Toad in the Hole
May 26, 2004
Baker Prairie, Arkansas
One stop during our whirlwind tour of northwest Arkansas was Baker Prairie, in or near Harrison. This involved the usual couple of U-turns and retracings, as there are some arcana of intersection markings in Arkansas that I am slow to decipher. When I stopped kicking myself about that, we both had a better time.
So you go through Harrison after a very nice sandwich in a cafe on the town square whose name escapes me, and turn onto Goblin Lane. I'd like to do a tripbook someday to research just how many Bible Belt school mascots are goblins (only a few, and I think it shows some imagination) or demons or devils. People used to have more of a sense of humor about those, I suspect. Harrison's are the Golden Goblins, and the highschool is on this road. We parked in the school's empty parking lot (it was a weekend) and walked across the road to the Baker Prairie sign, on what was not much more than a vacant lot, a couple acres if that.
The photo doesn't do it justice. We were knee-high in grasses and mostly flowers of a dozen kinds, only a few of which we've keyed down so far. Tradescantia (most of the blue ones in the pic) and white camas and red paintbrush and lupine and wild indigo (which is white, not blue) and penstemon and buttercup and some nifty multiheaded shooting star and pale coneflower (with narrow drooping rays) and prairie parsley (tall yellow umbellifer) and some small sunflower, maybe oxeye. And more that I don't know the names of yet, that little white thing that fills the aesthetic niche of our local linaria, and other small yellow things, something pink, more blues (rather a lot of blues, in fact) and oh yes, a prairie rose, low and pink. There were sassafrass seedlings and a short row of trees, in which a cardinal and a dickcissel, goldfinch and meadowlark sang and zipped about. Several butterfly species -- both spicebush and pipevine were in range, and we kept seeing red-spotted purples that week to further complicate ID matters. And I have no clue what the grasses were, except that there seemed to be more than one kind.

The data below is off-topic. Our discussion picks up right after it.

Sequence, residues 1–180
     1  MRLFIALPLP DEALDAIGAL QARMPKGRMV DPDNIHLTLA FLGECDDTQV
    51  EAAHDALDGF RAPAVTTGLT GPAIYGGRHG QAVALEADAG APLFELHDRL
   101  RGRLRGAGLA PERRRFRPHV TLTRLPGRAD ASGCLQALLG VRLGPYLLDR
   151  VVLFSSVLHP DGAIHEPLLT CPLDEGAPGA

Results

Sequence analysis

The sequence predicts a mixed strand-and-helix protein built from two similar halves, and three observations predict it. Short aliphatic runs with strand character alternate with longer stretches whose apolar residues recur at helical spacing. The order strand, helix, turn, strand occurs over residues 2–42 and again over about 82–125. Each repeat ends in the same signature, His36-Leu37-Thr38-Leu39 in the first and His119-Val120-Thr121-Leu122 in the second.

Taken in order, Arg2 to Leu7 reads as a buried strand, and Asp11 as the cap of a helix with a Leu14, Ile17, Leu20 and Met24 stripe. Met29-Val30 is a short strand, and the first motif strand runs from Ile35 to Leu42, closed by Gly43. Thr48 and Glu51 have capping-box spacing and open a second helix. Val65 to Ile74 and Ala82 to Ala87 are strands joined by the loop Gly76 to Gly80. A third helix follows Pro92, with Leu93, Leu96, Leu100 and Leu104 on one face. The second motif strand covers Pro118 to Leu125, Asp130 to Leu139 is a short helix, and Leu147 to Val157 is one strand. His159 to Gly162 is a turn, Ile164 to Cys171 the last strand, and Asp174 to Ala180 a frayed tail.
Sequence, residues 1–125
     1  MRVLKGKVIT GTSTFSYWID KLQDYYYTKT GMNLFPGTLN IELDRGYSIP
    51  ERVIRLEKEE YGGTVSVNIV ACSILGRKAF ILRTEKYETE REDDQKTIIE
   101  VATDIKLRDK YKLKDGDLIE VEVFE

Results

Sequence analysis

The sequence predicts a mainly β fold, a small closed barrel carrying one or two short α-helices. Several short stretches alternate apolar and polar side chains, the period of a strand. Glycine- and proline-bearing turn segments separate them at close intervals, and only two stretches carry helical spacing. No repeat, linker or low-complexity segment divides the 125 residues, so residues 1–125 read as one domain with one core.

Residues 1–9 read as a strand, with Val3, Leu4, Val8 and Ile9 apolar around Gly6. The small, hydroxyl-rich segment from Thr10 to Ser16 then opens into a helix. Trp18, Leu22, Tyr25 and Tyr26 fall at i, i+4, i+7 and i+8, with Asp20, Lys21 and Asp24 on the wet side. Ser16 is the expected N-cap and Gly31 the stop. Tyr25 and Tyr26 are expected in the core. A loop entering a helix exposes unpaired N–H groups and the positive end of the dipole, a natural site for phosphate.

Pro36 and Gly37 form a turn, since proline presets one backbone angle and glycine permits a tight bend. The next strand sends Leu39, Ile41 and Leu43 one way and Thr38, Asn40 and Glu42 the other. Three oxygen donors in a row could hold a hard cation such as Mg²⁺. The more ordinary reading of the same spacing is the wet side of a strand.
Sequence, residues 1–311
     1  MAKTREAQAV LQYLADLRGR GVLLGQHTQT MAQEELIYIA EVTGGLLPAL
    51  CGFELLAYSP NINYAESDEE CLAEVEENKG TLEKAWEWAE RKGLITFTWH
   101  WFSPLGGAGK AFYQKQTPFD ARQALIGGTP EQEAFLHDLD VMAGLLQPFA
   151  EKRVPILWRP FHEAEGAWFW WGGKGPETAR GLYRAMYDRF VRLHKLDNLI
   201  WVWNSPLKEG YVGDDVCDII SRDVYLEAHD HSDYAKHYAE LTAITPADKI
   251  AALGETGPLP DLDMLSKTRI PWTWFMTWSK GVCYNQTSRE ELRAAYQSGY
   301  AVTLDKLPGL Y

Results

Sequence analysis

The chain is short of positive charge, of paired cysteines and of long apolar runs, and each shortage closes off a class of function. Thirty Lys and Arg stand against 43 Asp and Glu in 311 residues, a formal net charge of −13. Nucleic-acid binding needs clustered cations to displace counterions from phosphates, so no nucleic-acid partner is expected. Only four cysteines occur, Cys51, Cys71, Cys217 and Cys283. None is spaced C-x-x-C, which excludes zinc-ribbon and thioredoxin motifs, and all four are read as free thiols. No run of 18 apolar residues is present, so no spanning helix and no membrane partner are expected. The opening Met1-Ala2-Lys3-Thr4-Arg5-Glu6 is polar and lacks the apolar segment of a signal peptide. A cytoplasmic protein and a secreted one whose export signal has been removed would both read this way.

Yes, a vacant lot -- strategically vacant, vacant and unabused for sufficient time to make it a remnant tallgrass prairie. Across the road was the ever-expanding school complex, with a shiny new building surrounded by the usual piles of scraped dirt. Over the hill was the Pepsi (Coke? I forget which religion rules here) bottling plant, and a couple other light-industrial buildings, all surrounded by acres and acres of plain green turfgrass lawns, one being mowed by someone on a minitractor as we watched.
In fact, mowing grass seems to be a major industry in the Midwest. Probably much of the country; I'd forgotten. Seems like everywhere we went we saw grass being mowed, often with riding mowers or things just this side of a John Deere combine. I'm told it's a matter of pride to a lot of people, having the greenest flattest plainest lawn. And all they'd have to do to have something like the glorious assemblage we were standing in -- whose flower show, the books say, changes to a new one every couple of weeks -- is, well, practically nothing, once the thing's installed. Mow once a year, or rent a cow. Baker Prairie gets a controlled burn every two or three years, period.
I'm assuming that it's difficult to rent a bison, for several obvious reasons.
I don't take lightly the amount of work that can go into prairie restoration in the first place. A well-tended controlled burn takes planning, savvy, and lots of crew. But for a lot less work in the aggregate and certainly less money for fertilizer, weedkiller, supplementary seed, and fuel, people could have something as splendid as this on their incidental acreage.
And those birds and butterflies too.Posted at May 26, 2004 01:50 AM